In 2018, 205 swine flu cases were reported in Delhi, along with two confirmed deaths. January 2018 saw just 11 cases — a fraction of the 643 in the first 31 days of this year. Of the 13 deaths reported last month, nine were residents of the capital.
Health experts The Indian Express spoke to suggested that this year’s outbreak wasn’t along expected lines. According to them, the influenza is known to rear its head every third year. With relatively few cases reported last year, this year was expected to show a similar trend.
Except, it did not.
“We were not expecting that cases will reach this number. Generally, any influenza changes its trend every two years. But now, any patient coming to us with even the slightest case of cough and cold is being asked to undergo the test for swine flu,” said Dr S P Byotra, senior consultant, internal medicine, Sir Ganga Ram Hospital. In January, the hospital recorded 107 swine flu cases in its out-patient department (OPD) and 95 in its in-patient department (IPD). Six deaths were reported from the hospital.
A harsher, longer winter this time around could be one explanation for the surge in the number of cases. Data provided by the India Meteorological Department showed that January mornings this year were the coldest since 2013. The average minimum temperature, recorded early in the morning, in January was 6.6 degrees Celsius. It was 7 degrees Celsius in January 2018, and 8.7 degrees Celsius in January 2017.
According to doctors, cases generally spike during extreme weather conditions — a dip in mercury during winters and extreme humidity during the rainy season often leads to a rise in numbers. “We are surprised to see the sudden surge in cases in the last two weeks. Awareness among patients could be a reason for the higher number. But till we find out a definite reason, all this is guess work,” said Dr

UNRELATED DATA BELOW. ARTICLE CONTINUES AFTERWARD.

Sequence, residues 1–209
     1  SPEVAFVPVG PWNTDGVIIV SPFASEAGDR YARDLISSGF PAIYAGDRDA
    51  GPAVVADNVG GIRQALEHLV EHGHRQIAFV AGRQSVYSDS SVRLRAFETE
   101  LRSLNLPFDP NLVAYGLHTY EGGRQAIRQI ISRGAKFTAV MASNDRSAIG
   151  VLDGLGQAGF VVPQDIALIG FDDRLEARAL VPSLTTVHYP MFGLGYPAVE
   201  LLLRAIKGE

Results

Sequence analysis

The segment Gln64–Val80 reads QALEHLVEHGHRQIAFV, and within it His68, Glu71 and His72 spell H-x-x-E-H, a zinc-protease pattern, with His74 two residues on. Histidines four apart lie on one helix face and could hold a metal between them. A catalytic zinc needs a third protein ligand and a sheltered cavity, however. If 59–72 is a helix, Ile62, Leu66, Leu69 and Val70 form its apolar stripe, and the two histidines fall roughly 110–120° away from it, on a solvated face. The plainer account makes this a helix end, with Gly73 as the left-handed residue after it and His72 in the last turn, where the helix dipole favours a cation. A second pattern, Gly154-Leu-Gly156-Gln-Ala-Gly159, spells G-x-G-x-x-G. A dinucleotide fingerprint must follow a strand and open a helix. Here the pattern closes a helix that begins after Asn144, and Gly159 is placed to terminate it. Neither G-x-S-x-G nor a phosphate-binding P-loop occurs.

S Chatterjee, senior consultant, department of internal medicine, Indraprastha Apollo Hospital.
Hard to tell apart
Initially recorded in Mexico in 2009, swine flu was declared a pandemic by the World Health Organisation in 2010. The most common strain, H1N1, first reported in 2009, has since turned into a seasonal flu, said doctors. Symptoms include fever, cough, nasal secretion, fatigue, headache, body ache and sore throat. There are three categories of the virus — A,B and C. While the first two are considered stable, category C is dangerous and requires immediate ventilator support. “Every year, we have been seeing similar cases, due to which the virus has become seasonal. This virus is called an endemic. If the influenza takes on another form of virus, it becomes an epidemic. At present, it is transmitting from one human to another,” said Dr Jugal Kishore from the department of community medicine, Safdarjung Hospital. The hospital has seen 22 confirmed cases of H1N1 influenza, and three deaths this year.
Standard treatment for H1N1 is the Oseltamivir drug, which is to be taken only on prescription. Frequent washing of hands and avoiding crowded places are among precautions suggested by doctors to avoid catching swine flu which, because of its symptoms, is easily mistaken for the relatively harmless cough and cold.